SEATTLE - Over the weekend, working moms might have been treated to
cards, flowers and even breakfast in bed. But today, life is back to
normal - and for Washington women, that means earning less per hour on
the job and receiving fewer workplace benefits than men.
"Washington's Working Women 2010," a new report by the Economic
Opportunity Institute (EOI), indicates the economic progress of
women in the Evergreen State has stalled. Its comparison of jobs and
wages shows almost a $5-per-hour gap in median wages between women and
men - largely because of the types of work they do.
However, report author Marilyn Watkins says, in the deep recession of
the last two years, both sexes have been affected by businesses cutting
hours and benefits.
"With the global competitive economy, with the ability of companies to
outsource, there has been a real downward pressure on wages and
benefits. Without the pressure of minimum standards being established by
law, we're unlikely to see a real improvement."
Watkins, an economist and EOI policy director, says just over 37 percent
of Washington women work part-time, compared to 23 percent of men.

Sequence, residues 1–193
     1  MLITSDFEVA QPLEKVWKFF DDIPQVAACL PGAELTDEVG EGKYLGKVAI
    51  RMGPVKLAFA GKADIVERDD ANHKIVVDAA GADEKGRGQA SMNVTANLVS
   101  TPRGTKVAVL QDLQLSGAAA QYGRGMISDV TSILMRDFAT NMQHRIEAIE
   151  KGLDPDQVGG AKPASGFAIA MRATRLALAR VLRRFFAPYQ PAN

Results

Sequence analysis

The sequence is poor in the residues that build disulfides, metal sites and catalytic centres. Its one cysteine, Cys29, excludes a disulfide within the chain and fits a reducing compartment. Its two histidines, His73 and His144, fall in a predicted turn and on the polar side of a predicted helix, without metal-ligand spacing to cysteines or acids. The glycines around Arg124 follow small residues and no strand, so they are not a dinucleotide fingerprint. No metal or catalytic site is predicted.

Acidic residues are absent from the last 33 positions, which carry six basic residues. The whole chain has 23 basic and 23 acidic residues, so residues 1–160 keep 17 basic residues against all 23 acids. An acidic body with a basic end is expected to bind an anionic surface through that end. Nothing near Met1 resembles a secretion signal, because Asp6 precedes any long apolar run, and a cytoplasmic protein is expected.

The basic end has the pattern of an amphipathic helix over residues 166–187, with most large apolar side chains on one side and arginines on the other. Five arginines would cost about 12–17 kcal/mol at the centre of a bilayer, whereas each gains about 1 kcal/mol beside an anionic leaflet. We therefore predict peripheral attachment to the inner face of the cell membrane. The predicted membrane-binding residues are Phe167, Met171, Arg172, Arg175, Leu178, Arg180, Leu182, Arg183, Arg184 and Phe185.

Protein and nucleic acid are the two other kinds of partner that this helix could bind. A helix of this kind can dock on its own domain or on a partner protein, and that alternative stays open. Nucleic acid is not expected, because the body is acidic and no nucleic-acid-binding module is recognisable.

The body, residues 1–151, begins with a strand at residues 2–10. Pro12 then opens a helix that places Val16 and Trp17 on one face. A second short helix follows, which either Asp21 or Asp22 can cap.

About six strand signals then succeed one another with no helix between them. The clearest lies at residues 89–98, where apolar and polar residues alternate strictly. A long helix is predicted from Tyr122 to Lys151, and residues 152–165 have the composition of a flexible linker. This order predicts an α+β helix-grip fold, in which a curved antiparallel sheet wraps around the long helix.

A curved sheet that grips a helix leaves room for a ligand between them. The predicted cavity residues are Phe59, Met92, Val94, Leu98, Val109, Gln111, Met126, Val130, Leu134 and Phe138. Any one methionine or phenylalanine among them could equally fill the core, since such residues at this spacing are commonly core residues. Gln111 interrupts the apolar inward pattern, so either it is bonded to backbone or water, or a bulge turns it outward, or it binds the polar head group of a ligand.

Part-timers seldom receive paid sick leave or are eligible for
retirement benefits, she adds, although more women are their family's
"Women's wages are really critical to the economic survival of the
family unit. In this last recession, we've seen far more men than women
lose their jobs. That means in more families than ever, women are
contributing - in many cases - the majority of the income."
Watkins thinks it will take legislation to change traditional workplace
policies. She says many businesses have not kept pace with new realities
in today's family life, such as single-parent households and workers
who are caring for both children and aging relatives. No matter what
moms got for Mother's Day, she adds, what they need is fair pay and more
flexibility on the job - including paid family leave.